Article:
The end of the academic year, and that means marking time. Marking student work used to be one of my least favourite tasks when I worked in sport science: thankfully as a researcher I didn’t have to do much teaching nor marking…but it was enough to set up a resistance and dislike. However, since changing career and taking up a new teaching role in counselling and psychotherapy I’ve found the opportunity to engage with the student’s ideas through their assignments is a part of the job I am coming to appreciate…and (dare I say) enjoy.
As a lecturer on two programmes - the Post-Graduate diploma in humanistic counselling and the MSc in psychotherapy - I am marking a variety of assignments: including write-ups of case studies and critical evaluations of recorded interactions with clients. They are fascinating to read, and I enjoy seeing how the students are considering what is happening in the room (between them and their clients) and bringing the appropriate psychotherapeutic theory to help them understand. The best pieces of work are those that consider what is going on for them, what is going on for the client, and what kind of relationship that develops in to. In other words, what we the teaching team are looking for is consideration as to ‘self’, ‘other’ and the in-between. For the students on the PGDip, their final assignment for their qualification was to describe their conceptualisation of counselling - how they think therapy works. This is an assignment that I completed when I trained at Brighton, so each year I get to re-evaluate how I have shifted, and how my practice has evolved. I thought in my blog this week I would share some ideas.
The end of another academic year, my 27th in Higher Education, my 20th since completing my PhD, and my 5th as a therapist. There is a lot of life in that sentence; a lot of re-modelling, career change, new beginnings, more endings. The older I get, the more I witness myself in transition, and understand this as the only consistency in life. Constantly changing. Like the illustrations of dutch artist Maurits Cornelis Escher.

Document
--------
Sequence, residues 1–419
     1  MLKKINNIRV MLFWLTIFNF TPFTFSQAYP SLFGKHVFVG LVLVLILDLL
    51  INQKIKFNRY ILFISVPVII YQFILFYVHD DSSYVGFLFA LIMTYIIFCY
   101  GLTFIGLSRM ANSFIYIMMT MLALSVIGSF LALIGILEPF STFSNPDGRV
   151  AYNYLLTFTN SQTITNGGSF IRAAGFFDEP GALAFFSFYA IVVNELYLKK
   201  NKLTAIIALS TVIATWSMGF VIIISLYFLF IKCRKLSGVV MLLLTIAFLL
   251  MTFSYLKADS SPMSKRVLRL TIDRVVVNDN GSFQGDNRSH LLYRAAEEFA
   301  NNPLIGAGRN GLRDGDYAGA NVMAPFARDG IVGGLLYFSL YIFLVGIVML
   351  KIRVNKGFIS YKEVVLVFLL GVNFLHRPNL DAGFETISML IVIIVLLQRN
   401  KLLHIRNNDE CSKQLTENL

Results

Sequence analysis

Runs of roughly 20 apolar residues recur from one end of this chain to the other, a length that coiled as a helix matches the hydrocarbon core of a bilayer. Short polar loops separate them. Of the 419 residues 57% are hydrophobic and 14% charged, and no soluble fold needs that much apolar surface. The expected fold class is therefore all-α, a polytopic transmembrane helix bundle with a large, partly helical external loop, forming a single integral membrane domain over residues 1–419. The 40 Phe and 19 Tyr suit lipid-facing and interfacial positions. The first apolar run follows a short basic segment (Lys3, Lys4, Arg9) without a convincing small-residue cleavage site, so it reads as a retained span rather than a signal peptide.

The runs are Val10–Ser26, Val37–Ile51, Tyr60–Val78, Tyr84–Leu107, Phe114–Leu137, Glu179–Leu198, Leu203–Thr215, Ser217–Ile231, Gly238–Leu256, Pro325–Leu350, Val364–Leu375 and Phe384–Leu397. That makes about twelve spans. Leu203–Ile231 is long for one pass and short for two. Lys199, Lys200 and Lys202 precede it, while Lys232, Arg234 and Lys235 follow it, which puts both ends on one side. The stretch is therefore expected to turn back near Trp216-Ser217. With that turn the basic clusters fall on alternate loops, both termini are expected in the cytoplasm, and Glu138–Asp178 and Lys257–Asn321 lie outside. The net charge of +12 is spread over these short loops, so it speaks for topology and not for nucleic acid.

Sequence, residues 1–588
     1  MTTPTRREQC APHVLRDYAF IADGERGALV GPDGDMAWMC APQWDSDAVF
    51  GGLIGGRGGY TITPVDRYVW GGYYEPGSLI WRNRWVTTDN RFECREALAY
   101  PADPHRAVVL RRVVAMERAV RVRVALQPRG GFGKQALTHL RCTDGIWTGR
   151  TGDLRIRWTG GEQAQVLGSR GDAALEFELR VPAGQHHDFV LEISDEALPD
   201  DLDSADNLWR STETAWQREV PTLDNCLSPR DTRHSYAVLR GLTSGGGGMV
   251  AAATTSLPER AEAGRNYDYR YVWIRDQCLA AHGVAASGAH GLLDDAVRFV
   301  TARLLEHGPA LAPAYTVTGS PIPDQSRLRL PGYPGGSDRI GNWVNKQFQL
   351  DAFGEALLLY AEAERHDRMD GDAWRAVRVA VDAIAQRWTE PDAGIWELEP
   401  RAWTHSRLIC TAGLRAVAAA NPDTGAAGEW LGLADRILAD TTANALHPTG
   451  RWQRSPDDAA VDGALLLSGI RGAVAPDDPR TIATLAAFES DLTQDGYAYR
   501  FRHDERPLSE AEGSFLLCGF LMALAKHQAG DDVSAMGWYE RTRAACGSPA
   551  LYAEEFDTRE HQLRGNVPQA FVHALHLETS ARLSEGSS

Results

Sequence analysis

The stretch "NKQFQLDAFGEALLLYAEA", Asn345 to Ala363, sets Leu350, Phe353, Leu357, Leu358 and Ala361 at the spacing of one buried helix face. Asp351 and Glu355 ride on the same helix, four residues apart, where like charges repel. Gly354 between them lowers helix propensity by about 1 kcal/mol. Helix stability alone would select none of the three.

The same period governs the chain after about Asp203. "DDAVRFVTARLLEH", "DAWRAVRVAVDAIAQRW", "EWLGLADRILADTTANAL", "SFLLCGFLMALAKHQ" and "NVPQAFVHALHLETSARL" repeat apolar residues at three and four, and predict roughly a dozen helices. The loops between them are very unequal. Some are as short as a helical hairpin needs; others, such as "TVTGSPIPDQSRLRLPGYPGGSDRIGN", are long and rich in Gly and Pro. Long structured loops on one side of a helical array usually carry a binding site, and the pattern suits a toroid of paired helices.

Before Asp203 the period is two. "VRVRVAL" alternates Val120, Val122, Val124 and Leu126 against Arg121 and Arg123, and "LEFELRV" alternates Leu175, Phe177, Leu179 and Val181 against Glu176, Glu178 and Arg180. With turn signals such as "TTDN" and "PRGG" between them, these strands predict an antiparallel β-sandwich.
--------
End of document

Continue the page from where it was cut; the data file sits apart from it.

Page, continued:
In the counselling and psychotherapy profession we hold great values in endings, making the whole process as conscious as we can. This is true in the room with clients, and true in the classroom with trainees. We, the course team at the University, have just seen another set of cohorts finish their training: two post-graduate diploma counselling courses, and our MSc psychotherapy cohort. Three courses, three different group endings; a total of 55 trainees, some 55 different individual styles of endings. I witnessed most of them, and I felt a mix of emotions - seeing ‘good’ endings, and seeing endings that not ‘bad’ per se yet potentially leaving ‘unfinished business’.
In last week’s post, I shared reflections on my recent marriage, and the choices my partner and I made in incorporating some teachings of the Buddhist Dharma not only in the ceremony but also in setting up how we are going to try to orientate our relationship now we are married. Not a promise, but more a promise to try. I explained how we had taken the six paramitas (or 6 perfections as they are also known) as six practices that we will focus on in order to create a safe container in which we as individuals and we as partners can grow (or in Buddhist parlance, “wake up”). Traditionally, the teachings on the paramitas help the bodhisattva (or we might say the "spiritual warrior") point their activity toward not only their own waking up, but the waking up of others. The bodhisattva aims to “perfect” the qualities of generosity, discipline, patience, exertion, meditation and wisdom. But how does this relate to marriage and intimate relationships?
Chogyam Trungpa, a Tibetan meditation master, explains that the bodhisattva vows not to hold their own individual territory and defend it tooth and nail, but rather to become open to the world that we are living in. I like the way that Susan Piver, a teacher in the Shambhala tradition that Trungpa founded, brings this attitude to relationships and “expanding beyond our list of complaints, and taking refuge in a far more spacious view. We create the container in which love itself wants to live”. A place where love wants to live - we aim our behaviour toward that which invites love rather than demands it.
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